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Edith Hamilton's Mythology eNotes Lesson Plan
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Edith Hamilton’s Mythology is primarily a collection of Greek and Roman myths. Several Norse myths are included, but the book focuses almost exclusively on the gods and goddesses created by the ancient Greeks and generally adopted by the Romans, who gave them different names and incorporated them into their own body of mythology. In language that is simple and direct, Hamilton introduces and describes the deities in the pantheon, explains their relationships with one another, and tells their stories—ancient myths about creation and stories that incorporate the heroes and great families of the ancient world. Before addressing specific gods and goddesses, however, the author devotes the first section of her book to a general discussion of the origins of Greek mythology and the writers who first recorded the myths.
First published in 1942, Hamilton’s Mythology continues to appeal to new generations of readers. Not written for academics pursuing research in mythology, the book instead offers an overview of the subject that is as entertaining as it is informative. Organized much like an encyclopedia, it also serves as an excellent reference book. Although Hamilton did not write her book for scholars, her own scholarship is evident in the text. She culls from Greek and Roman authors, including Homer and Hesiod (Greek texts from 750–550 BCE); Pindar, Aeschylus, Sophocles, and Euripides (Greek authors from 500–400 BCE); Ovid and Virgil (Roman authors circa the beginning of the Common Era); and Apollodorus (a Greek writer circa 150 CE). Her research also includes the Norse poems of the Elder Edda (early thirteenth century). At the beginning of each chapter in Mythology, Hamilton notes the specific sources that support the text.
Myths played several important roles in the lives of the Greeks and the Romans. They explained the natural world, provided a platform for ethical and philosophical debate, and justified particular political and imperial systems. They also entertained. Filled with stories of heroism, beauty, love, death, betrayal, revenge, victory, defeat, and the immutable power of fate, the myths engaged the ancient Greeks and Romans just as they continue to entertain us today. Furthermore, the myths develop universal themes in regard to human nature. They present a particularly complicated view of mankind; many of the hero’s challenges arise from within himself, and no clear definition of good and evil exists. Greek and Roman myths present a complex view of women, as well; women are dangerous and deceitful or loyal and beneficent, but all are subject to male domination, even those who are powerful goddesses. In contrast, women are not significantly represented in Norse mythology, which is firmly rooted in the Heroic Code that celebrates fame achieved through fierceness in battle.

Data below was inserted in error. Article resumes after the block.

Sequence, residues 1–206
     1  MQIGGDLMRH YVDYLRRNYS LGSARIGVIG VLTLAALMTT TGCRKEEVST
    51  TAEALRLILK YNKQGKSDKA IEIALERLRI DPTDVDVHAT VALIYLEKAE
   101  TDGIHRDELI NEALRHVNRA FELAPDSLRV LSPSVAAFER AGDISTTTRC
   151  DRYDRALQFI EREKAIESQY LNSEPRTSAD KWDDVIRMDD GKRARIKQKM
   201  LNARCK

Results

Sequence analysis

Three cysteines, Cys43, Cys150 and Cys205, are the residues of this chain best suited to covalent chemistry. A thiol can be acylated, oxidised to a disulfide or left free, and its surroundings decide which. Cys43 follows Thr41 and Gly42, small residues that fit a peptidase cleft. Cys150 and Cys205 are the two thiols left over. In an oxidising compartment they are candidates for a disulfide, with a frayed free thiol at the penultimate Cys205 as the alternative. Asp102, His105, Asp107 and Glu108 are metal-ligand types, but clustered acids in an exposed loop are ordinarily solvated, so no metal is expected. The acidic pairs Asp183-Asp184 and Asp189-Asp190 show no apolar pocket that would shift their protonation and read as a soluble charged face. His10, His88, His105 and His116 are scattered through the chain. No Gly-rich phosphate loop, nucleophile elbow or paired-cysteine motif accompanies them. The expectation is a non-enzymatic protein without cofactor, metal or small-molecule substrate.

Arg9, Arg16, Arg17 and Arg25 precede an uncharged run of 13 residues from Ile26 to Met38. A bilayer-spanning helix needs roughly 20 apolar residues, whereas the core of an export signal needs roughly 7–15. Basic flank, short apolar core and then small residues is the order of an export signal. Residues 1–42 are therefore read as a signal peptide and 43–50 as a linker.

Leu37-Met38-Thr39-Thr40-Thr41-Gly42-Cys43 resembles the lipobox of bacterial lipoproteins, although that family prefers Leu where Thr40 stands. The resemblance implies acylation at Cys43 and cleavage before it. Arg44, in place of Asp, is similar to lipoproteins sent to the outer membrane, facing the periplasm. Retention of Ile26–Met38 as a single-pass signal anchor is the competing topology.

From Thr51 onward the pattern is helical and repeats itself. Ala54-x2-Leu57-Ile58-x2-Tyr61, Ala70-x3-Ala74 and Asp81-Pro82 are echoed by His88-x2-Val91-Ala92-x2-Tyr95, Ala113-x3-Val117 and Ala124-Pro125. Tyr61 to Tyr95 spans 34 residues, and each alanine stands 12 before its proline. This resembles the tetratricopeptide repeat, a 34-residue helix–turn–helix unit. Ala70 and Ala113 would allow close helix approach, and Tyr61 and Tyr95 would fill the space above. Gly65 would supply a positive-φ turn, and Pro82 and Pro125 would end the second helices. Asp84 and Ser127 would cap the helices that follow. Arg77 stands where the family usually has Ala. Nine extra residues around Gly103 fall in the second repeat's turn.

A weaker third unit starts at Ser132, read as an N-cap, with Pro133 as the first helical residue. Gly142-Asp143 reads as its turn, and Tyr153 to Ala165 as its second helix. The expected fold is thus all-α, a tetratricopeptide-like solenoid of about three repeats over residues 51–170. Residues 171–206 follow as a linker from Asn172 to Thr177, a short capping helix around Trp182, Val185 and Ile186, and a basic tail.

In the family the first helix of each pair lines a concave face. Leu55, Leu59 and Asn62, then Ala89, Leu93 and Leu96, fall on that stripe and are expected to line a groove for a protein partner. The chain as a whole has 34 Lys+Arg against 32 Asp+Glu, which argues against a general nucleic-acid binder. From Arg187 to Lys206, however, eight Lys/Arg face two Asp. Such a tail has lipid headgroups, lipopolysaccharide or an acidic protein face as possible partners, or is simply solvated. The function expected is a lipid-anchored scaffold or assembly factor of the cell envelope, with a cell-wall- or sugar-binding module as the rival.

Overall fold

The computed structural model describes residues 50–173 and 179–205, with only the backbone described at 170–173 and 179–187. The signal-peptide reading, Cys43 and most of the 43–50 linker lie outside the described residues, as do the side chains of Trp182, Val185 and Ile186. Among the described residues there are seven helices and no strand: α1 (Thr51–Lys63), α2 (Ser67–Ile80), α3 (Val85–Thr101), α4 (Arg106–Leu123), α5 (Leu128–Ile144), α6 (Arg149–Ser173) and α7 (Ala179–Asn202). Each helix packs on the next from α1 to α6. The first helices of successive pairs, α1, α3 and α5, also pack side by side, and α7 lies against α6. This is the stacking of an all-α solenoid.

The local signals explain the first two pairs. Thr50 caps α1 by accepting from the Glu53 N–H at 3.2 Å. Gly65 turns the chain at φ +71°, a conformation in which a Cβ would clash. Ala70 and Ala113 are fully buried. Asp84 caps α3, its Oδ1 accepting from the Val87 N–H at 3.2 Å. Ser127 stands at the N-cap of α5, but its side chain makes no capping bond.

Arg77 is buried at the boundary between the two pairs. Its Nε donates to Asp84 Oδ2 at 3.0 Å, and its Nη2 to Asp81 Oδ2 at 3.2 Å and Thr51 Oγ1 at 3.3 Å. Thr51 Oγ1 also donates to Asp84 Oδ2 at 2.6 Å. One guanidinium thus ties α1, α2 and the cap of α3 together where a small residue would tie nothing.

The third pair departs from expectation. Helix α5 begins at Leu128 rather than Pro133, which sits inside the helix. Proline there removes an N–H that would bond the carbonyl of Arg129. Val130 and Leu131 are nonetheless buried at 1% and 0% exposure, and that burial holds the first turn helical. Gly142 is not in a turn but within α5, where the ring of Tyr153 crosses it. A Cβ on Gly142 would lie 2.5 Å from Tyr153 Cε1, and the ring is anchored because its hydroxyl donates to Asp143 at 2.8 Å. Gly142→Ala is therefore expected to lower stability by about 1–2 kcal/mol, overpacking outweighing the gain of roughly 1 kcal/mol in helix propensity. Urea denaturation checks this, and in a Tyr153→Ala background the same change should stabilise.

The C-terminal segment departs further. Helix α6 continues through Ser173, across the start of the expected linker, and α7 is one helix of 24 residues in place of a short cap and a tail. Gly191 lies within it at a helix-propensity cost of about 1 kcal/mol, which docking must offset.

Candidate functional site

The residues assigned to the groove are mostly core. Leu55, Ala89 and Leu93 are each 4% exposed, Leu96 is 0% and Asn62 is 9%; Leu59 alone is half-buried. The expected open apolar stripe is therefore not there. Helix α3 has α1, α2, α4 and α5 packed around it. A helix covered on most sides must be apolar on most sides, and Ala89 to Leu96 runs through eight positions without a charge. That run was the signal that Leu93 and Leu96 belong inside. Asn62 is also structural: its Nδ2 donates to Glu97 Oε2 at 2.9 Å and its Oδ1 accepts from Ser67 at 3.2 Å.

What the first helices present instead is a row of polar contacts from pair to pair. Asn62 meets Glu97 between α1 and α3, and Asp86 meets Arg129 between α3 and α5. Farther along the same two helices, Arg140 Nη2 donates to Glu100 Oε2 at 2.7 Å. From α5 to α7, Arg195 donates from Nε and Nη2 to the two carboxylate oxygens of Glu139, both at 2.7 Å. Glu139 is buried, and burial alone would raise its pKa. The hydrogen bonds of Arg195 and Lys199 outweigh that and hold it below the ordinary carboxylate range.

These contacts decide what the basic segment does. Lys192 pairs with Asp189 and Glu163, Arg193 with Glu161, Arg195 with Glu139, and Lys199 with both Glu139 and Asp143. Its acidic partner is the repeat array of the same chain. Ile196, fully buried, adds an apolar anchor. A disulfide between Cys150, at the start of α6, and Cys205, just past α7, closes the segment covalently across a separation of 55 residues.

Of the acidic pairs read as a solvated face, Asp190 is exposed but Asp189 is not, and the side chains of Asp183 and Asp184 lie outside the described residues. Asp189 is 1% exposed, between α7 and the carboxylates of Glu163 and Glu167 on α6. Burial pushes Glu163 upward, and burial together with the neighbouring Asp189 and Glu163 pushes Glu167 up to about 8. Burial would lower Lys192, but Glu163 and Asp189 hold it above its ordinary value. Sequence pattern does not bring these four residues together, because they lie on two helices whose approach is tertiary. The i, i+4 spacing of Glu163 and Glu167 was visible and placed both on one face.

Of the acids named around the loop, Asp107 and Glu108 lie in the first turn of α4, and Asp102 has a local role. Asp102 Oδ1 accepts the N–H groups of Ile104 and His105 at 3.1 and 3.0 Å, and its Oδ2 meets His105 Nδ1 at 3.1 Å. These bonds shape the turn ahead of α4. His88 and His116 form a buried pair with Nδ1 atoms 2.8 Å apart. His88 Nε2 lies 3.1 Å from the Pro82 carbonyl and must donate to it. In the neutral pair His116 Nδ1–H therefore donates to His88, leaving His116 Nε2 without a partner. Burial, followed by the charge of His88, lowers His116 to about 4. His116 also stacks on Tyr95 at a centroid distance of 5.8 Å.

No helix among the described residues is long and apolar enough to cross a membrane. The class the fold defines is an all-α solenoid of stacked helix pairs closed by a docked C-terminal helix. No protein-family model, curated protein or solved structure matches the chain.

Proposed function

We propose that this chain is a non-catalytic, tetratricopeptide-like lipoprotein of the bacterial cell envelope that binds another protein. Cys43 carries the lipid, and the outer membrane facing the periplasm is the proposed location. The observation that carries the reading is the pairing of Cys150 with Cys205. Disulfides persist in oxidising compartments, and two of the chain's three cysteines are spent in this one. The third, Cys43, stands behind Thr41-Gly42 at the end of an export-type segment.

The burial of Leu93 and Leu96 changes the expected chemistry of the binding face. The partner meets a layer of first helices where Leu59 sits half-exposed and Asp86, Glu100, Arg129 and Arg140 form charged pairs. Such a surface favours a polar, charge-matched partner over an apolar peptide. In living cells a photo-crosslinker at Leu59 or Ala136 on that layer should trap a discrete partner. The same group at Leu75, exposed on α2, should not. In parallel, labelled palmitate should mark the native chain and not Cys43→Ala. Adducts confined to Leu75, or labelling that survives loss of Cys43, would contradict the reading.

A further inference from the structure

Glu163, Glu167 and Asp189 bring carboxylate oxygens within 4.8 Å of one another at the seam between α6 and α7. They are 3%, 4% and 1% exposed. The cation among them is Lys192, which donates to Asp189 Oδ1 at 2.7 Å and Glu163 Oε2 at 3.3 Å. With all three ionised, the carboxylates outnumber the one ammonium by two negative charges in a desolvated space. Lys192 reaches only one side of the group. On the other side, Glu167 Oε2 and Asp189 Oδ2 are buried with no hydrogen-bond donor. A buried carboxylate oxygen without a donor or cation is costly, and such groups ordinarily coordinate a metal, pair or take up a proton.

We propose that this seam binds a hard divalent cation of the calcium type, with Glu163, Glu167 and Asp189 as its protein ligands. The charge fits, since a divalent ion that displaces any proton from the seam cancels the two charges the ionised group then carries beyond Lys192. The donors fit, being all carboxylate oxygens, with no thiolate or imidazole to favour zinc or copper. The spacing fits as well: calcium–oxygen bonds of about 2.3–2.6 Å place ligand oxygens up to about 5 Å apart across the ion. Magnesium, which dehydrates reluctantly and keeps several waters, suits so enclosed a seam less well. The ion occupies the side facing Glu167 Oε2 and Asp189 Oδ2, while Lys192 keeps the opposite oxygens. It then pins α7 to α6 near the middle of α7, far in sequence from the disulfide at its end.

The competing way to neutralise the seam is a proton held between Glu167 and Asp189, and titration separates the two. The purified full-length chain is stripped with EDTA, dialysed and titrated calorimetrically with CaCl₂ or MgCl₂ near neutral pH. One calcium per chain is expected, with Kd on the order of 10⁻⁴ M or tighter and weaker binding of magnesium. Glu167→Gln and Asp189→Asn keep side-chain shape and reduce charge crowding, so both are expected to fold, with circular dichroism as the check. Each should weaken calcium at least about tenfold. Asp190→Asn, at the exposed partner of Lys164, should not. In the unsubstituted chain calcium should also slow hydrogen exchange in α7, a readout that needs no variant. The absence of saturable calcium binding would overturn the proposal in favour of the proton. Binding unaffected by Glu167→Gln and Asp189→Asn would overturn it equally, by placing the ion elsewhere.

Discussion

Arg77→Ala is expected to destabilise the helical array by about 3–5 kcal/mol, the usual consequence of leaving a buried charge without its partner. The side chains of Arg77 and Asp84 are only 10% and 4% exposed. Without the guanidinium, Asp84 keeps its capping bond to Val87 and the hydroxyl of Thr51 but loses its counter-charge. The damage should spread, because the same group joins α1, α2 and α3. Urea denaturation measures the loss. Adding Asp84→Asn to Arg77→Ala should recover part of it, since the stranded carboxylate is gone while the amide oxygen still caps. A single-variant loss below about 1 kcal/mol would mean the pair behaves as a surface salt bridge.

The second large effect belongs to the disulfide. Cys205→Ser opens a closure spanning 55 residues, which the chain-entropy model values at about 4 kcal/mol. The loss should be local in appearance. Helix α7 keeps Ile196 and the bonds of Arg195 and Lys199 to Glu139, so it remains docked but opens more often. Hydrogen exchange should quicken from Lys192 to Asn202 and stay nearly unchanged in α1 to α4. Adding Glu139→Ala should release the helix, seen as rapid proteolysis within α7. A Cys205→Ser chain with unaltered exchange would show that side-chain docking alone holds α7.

Mythology was published when Hamilton was sixty-two years old, but it was far from being her final literary achievement; she published an additional nine books on Greek and Roman culture and mythology. Hamilton admired the lucidity of Greek poetry and myth and lamented the fact that American society had become too complicated to live by the values of the ancient Greeks. In 1957, at the age of ninety-one, Hamilton traveled from America to Greece for the first time; she was made an honorary citizen of Athens and was awarded the Golden Cross of the Order of Benefaction. Despite having had a very successful career as an educator and then as a writer, Hamilton exclaimed upon receiving the award, “This is the proudest moment of my life!”
Hamilton adopts a Eurocentric view of Greek mythology, asserting that it informed the cultural evolution of Western civilization. The influence of Greek mythology in Western art, literature, and philosophy is readily apparent. Renaissance artists Leonardo da Vinci, Michelangelo, and Raphael were inspired by classical mythology, and the works of Chaucer, Milton, Shakespeare, Tennyson, Keats, Byron, and Shelley also reflect its influence.
As students become acquainted with the characters and stories in Hamilton’s book, they may be surprised to discover that mythology influences their own culture, as well. Movies draw on the larger- than-life heroes of myth in creating contemporary heroes like Spiderman and Batman, and numerous video games, such as Titan Quest and Rise of the Argonauts, incorporate mythology. Creatures of the Norse imagination—dwarves, elves, and trolls—people the world of fantasy in the movie Shrek! and in Tolkien’s Lord of the Rings trilogy. Additionally, miscellaneous references to mythological deities are rife in our culture. Car models are named after Saturn and Mercury; Venus is the subject of song; Adonis is synonymous with male beauty; a space mission is named Apollo; and Atlas is always a popular name for moving companies.
Familiarity with Greek, Roman, and Norse mythology gives students insight in regard to ancient societies and universal human behavior; it develops cultural literacy and augments their understanding and appreciation of art and literature. These educational objectives, however, won’t be uppermost in students’ minds as they read Hamilton’s Mythology. They will instead be caught up in the fascinating world of gods and goddesses and the adventures of the mortals whose lives they protect or destroy.
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